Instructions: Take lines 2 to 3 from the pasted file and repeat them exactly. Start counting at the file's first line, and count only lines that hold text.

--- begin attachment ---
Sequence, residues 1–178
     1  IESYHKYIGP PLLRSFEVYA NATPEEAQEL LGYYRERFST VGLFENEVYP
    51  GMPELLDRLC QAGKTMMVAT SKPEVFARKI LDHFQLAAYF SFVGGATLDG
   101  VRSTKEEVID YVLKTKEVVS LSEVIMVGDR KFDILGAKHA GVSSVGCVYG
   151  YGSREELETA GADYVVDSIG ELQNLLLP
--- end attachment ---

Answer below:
     1  IESYHKYIGP PLLRSFEVYA NATPEEAQEL LGYYRERFST VGLFENEVYP
    51  GMPELLDRLC QAGKTMMVAT SKPEVFARKI LDHFQLAAYF SFVGGATLDG